Dyslexia occurs at the individual word level, with the result that language learning, and in particular achieving accuracy and fluency in reading and written language, is challenging. Dyslexia occurs across a continuum from mild to severe. Students at the mild end of the spectrum may manage learning additional languages. However, students with more severe dyslexia will struggle and may need to get an exemption. There are quite strict guidelines laid down which students must meet before the Department of Education will grant an exemption from Irish. See the Irish Exemption page for more details
Children with dyslexia often have trouble with phonological processing, working memory, auditory discrimination, syntax and sequencing – all skills necessary for language mastery. To succeed at learning a second language, one must first have reasonable competence in one’s first language. This does not mean however, that learning a second language is not possible at a later stage. Due to the additional support provided in primary level and the support parents provide outside of school, some students who are exempt from Irish may become competent enough in their first language to enable them to take on another language when they reach second level or perhaps third level.
Language learning is always a difficult issue where students with dyslexia are concerned. The benefits of having a second or third language are undoubted, and many students with dyslexia become quite competent in other languages. Students should at least have the option to try languages at second level. However, consideration must be given to the difficulty experienced by some students in acquiring literacy in their first language. As a rule of thumb, it could be said that a student who met the criteria for exemption from the study of Irish would be likely to encounter difficulty with the written form of other languages. Each case must be looked at individually and no hasty decisions taken which might close off later options.
Meeting entry requirements for third level education, and working and travel abroad, particularly within the E.U., are the main reasons for choosing to study languages. The colleges of the NUI (which include NUIG, UCC, Maynooth, and UCD) normally require three languages for entry. However, A student who has been allowed an exemption from the study of Irish at school, on the basis of specific learning difficulty, will qualify for exemption from the NUI Irish language and third language requirement for matriculation. Students who did not apply for, or receive, an exemption from the study of Irish while in the school system, may still apply to the NUI for an exemption from the third language requirement on the grounds of significant dyslexia. Further information on the NUI exemption process is available at: http://www.nui.ie/college/entry-requirements.asp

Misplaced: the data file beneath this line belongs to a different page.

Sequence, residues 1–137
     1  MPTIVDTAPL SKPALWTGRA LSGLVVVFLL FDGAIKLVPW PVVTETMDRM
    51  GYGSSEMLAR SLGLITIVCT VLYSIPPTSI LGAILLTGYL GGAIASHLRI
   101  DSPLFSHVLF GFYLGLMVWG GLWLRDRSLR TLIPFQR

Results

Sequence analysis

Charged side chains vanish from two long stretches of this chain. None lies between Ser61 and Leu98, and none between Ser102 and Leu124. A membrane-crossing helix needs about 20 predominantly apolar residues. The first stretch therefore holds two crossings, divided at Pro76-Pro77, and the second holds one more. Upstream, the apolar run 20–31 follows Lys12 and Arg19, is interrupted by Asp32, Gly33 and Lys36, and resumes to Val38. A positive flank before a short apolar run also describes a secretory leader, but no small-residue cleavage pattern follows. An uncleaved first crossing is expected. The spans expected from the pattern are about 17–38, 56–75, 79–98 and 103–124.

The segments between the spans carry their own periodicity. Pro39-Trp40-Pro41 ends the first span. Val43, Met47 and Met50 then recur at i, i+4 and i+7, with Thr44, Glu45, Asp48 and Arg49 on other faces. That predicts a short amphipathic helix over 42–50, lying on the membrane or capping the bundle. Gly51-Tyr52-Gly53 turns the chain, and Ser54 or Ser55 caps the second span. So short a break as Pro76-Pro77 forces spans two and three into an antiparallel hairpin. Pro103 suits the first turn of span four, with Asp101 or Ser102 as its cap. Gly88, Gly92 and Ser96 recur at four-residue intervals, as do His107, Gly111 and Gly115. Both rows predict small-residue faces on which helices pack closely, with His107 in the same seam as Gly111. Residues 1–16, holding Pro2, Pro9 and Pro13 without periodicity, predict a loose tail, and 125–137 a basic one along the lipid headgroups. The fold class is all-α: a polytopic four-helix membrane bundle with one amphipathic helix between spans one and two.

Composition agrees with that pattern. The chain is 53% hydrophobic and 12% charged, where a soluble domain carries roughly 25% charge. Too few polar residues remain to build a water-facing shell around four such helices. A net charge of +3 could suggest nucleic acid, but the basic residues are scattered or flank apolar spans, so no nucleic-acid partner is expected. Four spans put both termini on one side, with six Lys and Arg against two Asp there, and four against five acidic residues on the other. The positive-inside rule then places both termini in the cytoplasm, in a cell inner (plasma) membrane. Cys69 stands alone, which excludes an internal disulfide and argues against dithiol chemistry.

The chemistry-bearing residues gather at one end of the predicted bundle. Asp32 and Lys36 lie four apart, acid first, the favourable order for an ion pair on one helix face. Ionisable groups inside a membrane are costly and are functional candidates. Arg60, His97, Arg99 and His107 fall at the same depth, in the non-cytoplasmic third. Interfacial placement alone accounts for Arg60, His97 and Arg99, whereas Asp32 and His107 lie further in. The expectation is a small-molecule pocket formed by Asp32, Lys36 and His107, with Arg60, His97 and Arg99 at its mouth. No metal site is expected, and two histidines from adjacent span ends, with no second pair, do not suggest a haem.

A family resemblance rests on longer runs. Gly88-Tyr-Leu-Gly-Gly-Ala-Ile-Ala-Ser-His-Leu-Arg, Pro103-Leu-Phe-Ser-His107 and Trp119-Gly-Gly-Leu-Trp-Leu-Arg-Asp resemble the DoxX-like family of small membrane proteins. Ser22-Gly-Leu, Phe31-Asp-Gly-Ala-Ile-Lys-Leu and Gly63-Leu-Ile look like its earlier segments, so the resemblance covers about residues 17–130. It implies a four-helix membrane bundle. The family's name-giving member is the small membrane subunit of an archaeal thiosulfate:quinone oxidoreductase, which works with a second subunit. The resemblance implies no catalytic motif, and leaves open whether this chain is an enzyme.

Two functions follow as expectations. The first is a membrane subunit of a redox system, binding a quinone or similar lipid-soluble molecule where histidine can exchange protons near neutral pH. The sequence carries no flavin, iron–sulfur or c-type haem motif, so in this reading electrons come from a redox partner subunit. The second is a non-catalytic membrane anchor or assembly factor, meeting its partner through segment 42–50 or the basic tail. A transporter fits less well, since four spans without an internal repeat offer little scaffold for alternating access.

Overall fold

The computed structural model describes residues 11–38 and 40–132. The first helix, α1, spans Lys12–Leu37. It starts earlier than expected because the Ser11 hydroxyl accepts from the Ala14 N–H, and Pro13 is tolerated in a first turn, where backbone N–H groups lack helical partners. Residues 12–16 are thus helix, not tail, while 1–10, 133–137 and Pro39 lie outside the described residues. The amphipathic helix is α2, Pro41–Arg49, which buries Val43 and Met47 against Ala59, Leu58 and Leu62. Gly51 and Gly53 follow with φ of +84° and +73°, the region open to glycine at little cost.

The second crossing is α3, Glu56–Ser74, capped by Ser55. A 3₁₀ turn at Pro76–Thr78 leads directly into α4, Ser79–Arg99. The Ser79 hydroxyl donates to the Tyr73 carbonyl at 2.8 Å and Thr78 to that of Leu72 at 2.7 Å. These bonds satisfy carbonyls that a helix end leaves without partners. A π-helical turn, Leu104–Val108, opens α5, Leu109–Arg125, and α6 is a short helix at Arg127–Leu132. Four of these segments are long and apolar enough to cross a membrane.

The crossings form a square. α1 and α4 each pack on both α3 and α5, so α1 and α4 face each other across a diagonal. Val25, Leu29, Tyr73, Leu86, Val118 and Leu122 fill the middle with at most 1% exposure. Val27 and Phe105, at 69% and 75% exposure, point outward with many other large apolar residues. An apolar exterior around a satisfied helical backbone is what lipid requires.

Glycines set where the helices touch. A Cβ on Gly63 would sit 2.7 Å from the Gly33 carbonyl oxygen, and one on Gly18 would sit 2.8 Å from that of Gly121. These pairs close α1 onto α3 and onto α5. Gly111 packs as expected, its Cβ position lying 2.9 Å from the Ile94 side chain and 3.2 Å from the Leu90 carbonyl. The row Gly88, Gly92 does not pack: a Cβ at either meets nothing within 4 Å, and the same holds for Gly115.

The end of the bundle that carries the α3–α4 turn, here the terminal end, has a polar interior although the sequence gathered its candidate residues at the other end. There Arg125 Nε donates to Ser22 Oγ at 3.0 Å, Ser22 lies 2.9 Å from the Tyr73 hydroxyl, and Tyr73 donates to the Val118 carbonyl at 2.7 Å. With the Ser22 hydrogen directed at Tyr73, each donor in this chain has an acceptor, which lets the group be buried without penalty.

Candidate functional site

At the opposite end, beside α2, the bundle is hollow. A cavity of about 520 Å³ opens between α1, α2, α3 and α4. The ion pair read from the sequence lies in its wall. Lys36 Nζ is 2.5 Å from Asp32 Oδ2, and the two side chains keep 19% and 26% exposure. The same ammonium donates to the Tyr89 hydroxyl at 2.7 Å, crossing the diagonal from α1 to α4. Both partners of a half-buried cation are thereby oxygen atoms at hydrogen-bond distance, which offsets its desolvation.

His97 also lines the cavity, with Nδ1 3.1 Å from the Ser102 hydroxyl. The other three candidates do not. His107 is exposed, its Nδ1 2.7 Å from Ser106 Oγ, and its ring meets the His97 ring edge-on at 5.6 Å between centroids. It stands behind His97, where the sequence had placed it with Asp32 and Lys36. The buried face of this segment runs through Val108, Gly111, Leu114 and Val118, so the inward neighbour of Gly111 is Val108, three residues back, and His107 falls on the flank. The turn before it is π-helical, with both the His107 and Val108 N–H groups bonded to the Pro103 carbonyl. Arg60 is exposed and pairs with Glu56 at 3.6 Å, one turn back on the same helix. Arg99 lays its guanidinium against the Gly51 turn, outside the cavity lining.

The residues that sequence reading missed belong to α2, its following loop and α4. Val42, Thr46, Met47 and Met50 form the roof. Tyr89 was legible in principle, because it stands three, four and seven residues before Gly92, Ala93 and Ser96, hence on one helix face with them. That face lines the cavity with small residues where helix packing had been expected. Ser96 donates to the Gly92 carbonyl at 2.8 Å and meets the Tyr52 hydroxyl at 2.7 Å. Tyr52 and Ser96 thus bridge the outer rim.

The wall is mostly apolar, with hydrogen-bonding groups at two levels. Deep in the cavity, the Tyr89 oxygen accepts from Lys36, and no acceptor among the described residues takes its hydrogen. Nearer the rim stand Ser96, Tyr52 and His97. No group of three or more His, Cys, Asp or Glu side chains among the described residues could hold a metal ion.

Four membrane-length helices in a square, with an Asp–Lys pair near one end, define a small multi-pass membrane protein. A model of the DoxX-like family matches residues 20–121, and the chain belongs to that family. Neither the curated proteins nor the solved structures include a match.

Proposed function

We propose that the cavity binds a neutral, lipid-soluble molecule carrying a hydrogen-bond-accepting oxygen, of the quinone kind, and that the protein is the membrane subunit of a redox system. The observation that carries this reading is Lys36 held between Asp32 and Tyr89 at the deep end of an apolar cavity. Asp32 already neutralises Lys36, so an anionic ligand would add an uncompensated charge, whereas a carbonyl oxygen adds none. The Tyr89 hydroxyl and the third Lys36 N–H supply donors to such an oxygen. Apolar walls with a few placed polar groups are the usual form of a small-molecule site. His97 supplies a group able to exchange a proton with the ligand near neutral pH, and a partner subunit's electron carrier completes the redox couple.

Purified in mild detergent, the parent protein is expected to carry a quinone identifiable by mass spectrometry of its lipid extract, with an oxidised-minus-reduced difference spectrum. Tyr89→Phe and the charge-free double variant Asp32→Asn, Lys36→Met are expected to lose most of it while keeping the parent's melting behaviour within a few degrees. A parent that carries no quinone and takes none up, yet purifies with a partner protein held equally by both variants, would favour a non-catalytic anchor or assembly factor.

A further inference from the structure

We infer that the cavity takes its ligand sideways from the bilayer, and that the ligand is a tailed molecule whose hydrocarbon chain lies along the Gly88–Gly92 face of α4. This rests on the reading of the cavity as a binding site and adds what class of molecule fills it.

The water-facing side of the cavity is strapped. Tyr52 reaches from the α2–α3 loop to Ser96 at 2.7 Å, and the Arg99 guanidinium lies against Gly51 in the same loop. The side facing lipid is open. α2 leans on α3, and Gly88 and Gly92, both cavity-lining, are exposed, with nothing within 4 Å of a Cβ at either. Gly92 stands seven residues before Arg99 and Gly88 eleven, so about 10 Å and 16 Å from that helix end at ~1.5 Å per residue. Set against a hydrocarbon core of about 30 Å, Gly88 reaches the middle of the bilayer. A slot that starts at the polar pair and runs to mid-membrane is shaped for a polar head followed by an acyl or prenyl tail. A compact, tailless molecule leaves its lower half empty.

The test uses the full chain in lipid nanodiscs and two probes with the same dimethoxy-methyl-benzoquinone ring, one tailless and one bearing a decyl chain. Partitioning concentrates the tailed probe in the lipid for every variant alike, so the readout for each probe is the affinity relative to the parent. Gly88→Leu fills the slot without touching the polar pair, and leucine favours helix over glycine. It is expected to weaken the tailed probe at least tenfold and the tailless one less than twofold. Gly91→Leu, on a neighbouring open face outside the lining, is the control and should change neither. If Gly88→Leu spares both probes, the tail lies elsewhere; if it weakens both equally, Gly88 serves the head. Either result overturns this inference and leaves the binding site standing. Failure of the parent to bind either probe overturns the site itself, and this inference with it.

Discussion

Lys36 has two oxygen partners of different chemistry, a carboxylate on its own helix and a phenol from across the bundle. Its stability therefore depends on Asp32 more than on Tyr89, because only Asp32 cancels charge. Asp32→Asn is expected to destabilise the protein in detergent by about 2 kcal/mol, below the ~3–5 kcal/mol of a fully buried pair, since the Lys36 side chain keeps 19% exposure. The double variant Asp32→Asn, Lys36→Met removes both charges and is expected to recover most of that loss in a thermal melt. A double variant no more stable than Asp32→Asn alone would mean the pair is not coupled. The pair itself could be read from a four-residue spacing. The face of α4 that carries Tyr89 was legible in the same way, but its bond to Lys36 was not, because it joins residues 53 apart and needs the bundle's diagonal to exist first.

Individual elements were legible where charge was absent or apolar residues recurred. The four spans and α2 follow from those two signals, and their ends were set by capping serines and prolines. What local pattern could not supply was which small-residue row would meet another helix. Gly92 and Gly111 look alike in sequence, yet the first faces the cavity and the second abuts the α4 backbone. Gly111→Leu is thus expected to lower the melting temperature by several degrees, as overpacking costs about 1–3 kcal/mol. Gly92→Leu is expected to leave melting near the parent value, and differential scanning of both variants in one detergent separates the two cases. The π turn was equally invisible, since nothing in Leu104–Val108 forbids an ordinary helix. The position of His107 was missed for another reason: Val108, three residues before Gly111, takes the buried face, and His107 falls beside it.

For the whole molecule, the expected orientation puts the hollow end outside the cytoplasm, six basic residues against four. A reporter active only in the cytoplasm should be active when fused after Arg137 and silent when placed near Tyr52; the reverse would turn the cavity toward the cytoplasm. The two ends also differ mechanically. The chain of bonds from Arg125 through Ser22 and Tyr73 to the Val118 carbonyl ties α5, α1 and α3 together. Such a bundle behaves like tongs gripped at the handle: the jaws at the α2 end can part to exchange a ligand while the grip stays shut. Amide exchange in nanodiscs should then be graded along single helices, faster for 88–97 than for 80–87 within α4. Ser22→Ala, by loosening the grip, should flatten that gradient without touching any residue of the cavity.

In language and third level education, it is wise to research which courses of study involve a compulsory language element. Some IT, Business and Engineering courses may include a language, even though a student may gain entry to the course without having taken this language at second level.
If a student decides to study a foreign language, then it is advisable to choose languages that are similar phonetically to English and have a more transparent orthography. Spanish or Italian might therefore be a better option than French for students with dyslexia. While Latin is not often offered in schools these days, many teachers feel it is a ‘dyslexia friendly’ choice.
Finally, life is not only about exams and college entry. Many people with dyslexia will find benefit from studying and speaking a foreign language and may further develop their competency later in life. They are more likely to succeed if they have overcome the difficulties with literacy in their first language.
Learning Irish with Dyslexia
While learning languages can be a challenge for learners with dyslexia, the impact is variable. What we know from the research is that to give learners the best opportunity to learn a language we must use the science of reading and teach them the skills needed to decode (read) and encode (spell). This means using a phonics-based structured approach and also teaching language and spelling rules.
English is one of the most complicated and irregular languages with a large number of rules and exceptions to be learned (a complex orthography), in comparison to a transparent orthography such as Italian which is much more regular. Irish is also considered a complex orthography but it is more regular than English with fewer exceptions to be learned. While there has been a growth in the availability of Irish phonics resources in recent years, their usage is not at optimum levels. Examples of these structured phonics literacy resources in Irish are:
Please encourage your school to use such approaches to give all students the best opportunity to learn Irish.
Websites and Apps for Language Learning
Duolingo provides interactive learning of languages in progressive stages with extensive writing and diction exercises. Languages include Irish, French, Spanish, German and Italian.
Memrise focuses on teaching languages to students and uses visual flashcards to help them remember words and phrases for many different languages. Although the app focuses on languages it can be used to learn geography, history and sciences.
‘Think Bilingual’ Learn by Doing (iOS). This App guides the learner to think in the target language through immersion in real-life situations. The current version is free.